"Until recently, the hostages had no names or faces or flesh and blood -- now that's all changed," said Gregory Philo, research director of Glasgow University's Media Unit. "The more you get to know the hostages, the more difficult it is for politicians to make decisions that risk their lives. In the end, if you identify that 5-year-old boy and you know that boy is at the airfield you're going to bomb, an attack becomes an incredibly difficult thing to do.

"It's like highway accident statistics. When you read about 6,000 dead, it means nothing. But when you know some of the victims personally, it's a very different reaction."

Gradually, say analysts, the psychology of the hostage issue has made an impact. Whereas last week, Western emphasis was on the military buildup and ways of making sanctions stick, this week the focus was on how to get the hostages out: the minutiae of obtaining Iraqi exit visas and flying in jetliners, and the new obstacles that Iraqi officials seemed to erect each day. There was even serious discussion of whether British and American planes could break the U.N. embargo by flying in medicine and foodstuffs to meet Iraqi demands.

No one should be surprised at Saddam's use of television as a propaganda tool, said one Iraqi dissident who has long studied the regime. Inside Iraq, he said, Saddam's two-decade rule has been one long, televised, Orwellian event.

The ruler's pronouncements and deeds lead the television news night after night, and his frequent trips to the countryside are portrayed as dynamic, problem-solving missions. The Iraqi leader even commissioned a television docudrama of his life. The young Saddam was played by one of his sons-in-law.

"Picture him crouching around trenches in camouflage fatigues, standing erect in full parade uniform, embracing foreign dignitaries at the airport in the latest Pierre Cardin suit, handling machinery, reading the Koran . . . giving lectures on architecture and the environment, looking grim, smiling, berating officials, sucking Cuban cigars, fondling babies, dropping in on 'unsuspecting' citizens for breakfast," wrote exiled Iraqi academic Samir Khalil in his book, "Republic of Fear."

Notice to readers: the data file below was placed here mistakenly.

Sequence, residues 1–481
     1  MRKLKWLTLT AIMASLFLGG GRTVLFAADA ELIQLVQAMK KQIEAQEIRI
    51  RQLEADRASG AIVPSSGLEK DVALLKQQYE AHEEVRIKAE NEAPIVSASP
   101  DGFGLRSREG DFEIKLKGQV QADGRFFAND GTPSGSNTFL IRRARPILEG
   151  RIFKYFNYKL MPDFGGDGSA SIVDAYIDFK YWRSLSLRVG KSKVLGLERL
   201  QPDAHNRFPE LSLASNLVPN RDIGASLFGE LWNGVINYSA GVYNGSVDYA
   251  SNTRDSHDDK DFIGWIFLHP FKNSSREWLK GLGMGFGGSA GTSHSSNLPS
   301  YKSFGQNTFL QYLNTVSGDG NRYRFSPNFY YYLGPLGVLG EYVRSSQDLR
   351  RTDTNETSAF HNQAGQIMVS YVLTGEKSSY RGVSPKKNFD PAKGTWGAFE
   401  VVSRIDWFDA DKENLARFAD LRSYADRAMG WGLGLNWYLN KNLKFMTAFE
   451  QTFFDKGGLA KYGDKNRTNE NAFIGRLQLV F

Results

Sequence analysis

Khalil said the televised propaganda "is so bad that even some Iraqis will pretend to dismiss it; yet they bring their children up to applaud it."

Although Saddam's television performances have not convinced Western viewers of his benevolence, they have suggested that he is a more formidable foe than many had first believed.

"He is by no means the madman of the Middle East," said Jerrold Post, a political psychologist at George Washington University who has constructed a psychological profile of Saddam. "This is quite a shrewd, highly pragmatic individual of unbounded ambition who is totally unscrupulous. And he can be extremely patient."

The West has had to revise its own image of Saddam. Until he invaded Kuwait, many Western governments aided Saddam with arms, loans and food supplies during his war with Iran, arguing that he was the lesser of two evils and a leader who could be reasoned with. Now he is portrayed as a Middle Eastern Hitler.

"Yesterday's friend is today's enemy," said research director Philo. "History is being rewritten. There's a 'Nineteen Eighty-Four' feel to the whole thing," he said, referring to the George Orwell novel.

In recent days, Western leaders have begun to shy away from the Hitler analogy, in part because it underscores a dilemma they might rather avoid. If Saddam is Hitler, then the only acceptable solution to the crisis is one that results either in his overthrow or a permanent curtailment of his war machine. Yet Bush has stated repeatedly that his only goals in the gulf are to protect Saudi Arabia and force an Iraqi retreat from Kuwait.

In the secret psychological war, each shadowy move is countered by another. At the same time he insists on a total Iraqi withdrawal, Bush reportedly authorizes attempts to overthrow Saddam. Similarly, while Saddam talks of his desire for peace, he reportedly encourages Palestinian terrorist groups he allegedly harbors to unleash a wave of attacks on the West.

"There's always a big diversity in these conflict situations between the up-front public relations level and what's going on underneath -- and what's going on underneath is what matters," said Abraham Oppenheim, a social psychologist at the London School of Economics who specializes in international conflict.

Unlike some analysts, Oppenheim believes the fact that both sides appear to be stalling for time may be a sign the conflict can be resolved peacefully. "If George Bush wants Saddam's head on a plate, like Noriega's, then we may be in for a war," he said, referring to the Panamanian leader ousted in a U.S. invasion last year. "But the main thing they want is his fingers off the oil.